The Victoria International Airport is well on its way to recovery after the pandemic brought flights to screeching halt for nearly two years.
Depending on how that recovery and potential growth goes over the next two decades, major upgrades and expansions are being planned.
All of this was laid out in the airport’s master plan for 2023 to 2042, which was completed recently as part of its decennial review of big-picture plans.
Potential development projects are split into two main phases: Work taking place between 2023 and 2032, and work taking place between 2033 and 2042.
“It really is to ensure you are monitoring demand and to make sure your facilities can accommodate and enable growth,” said airport president and CEO Geoff Dickson. “You really want to understand how if all the predicted growth comes to fruition, how are you going to stage the various investments and builds.”
In the first decade of the plan, potential upgrades include extending the airport’s main runway, aprons and taxiways to more comfortably accommodate larger aircraft serving long-haul routes, expanding Electra Boulevard and adding a new roundabout at a new intersection with Willingdon Road, expanding parking and continuing improvements to the recreational path in the area.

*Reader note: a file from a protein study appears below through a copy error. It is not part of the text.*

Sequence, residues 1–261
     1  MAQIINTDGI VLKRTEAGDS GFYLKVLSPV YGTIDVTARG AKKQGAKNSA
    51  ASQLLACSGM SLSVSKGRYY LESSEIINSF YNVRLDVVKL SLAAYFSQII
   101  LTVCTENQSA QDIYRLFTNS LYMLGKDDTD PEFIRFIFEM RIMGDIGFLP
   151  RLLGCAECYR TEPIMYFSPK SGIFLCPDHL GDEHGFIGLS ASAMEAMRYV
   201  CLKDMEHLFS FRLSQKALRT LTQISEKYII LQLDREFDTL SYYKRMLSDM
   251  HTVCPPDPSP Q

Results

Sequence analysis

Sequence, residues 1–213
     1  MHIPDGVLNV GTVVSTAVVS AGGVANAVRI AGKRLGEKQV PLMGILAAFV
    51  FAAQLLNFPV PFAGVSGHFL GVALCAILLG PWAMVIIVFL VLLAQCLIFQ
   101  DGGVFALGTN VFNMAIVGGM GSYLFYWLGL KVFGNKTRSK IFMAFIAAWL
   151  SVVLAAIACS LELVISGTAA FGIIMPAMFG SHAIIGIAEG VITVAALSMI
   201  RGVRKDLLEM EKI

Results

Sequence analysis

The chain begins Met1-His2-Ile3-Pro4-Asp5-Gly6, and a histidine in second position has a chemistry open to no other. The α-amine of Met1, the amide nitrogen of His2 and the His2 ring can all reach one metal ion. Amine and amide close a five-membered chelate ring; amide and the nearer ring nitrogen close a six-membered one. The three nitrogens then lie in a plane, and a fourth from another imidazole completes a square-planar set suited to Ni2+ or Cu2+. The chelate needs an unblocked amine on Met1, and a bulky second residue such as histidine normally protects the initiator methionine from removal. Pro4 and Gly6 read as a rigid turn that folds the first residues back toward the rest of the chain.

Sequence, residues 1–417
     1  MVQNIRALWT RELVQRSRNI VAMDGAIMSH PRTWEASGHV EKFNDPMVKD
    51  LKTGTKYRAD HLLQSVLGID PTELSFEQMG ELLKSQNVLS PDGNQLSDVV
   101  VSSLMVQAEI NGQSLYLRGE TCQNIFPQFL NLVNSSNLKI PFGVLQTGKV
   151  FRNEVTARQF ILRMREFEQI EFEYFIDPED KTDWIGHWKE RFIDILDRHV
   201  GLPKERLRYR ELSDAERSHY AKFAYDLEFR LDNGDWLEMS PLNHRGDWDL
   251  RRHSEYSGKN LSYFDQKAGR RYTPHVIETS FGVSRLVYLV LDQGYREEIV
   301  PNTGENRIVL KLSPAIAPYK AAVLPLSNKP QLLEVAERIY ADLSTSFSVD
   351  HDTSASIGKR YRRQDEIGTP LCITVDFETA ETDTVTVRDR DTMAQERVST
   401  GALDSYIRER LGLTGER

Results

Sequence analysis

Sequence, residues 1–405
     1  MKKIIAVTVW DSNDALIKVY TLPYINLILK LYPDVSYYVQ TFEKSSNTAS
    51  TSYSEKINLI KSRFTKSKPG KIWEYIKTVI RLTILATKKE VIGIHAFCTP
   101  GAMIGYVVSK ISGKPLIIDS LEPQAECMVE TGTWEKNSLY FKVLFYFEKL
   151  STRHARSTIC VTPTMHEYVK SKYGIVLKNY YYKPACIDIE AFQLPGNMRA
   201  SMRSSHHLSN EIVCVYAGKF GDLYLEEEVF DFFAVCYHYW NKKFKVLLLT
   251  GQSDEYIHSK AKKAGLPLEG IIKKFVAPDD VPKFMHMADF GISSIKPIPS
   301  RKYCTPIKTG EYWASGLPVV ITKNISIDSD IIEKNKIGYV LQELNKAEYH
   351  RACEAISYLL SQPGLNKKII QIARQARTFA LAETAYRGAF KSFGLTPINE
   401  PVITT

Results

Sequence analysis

The first phase could also include an expansion to the eastern side of the existing terminal in order to accommodate more check-in desks, more outbound baggage handling space and office space for airlines.
The western side of the terminal could also be expanded to accommodate more departure gates, inbound international baggage handling space, and pre-boarding security screening space.
Dickson said the plans have been formed based on the airport’s traffic recovery so far from the pandemic – 2022 closed off with traffic around 75 per cent of what it was in 2019 – and early predictions on how passenger traffic will grow between now and 2042, where estimates in the report range between 4.1 million and 2.5 million passengers annually.
“This is a vision, a 20-year what could be, not necessarily what will be,” he said. “It’s going to depend on what traffic demand materializes.”
Because of the dramatic impact the pandemic has had on the industry, Dickson said it is difficult to predict with any accuracy what passenger demand will actually look like. That’s why the airport plans on using 2023 and possibly 2024 to evaluate real-world data and adjust their projections for growth and refine investment plans.
A lesson reinforced during the pandemic and reflected in the report is the need for the airport to diversify its revenue streams, Dickson said.
That’s why part of the master plan’s vision is focused on leasing commercial lots currently available on airport property, improving the infrastructure around them to make more lots available as demand increases, and in the longer-term phase, potentially closing one of the airport’s secondary runways both to allow further expansion of the terminal, and to free up more space for commercial leases.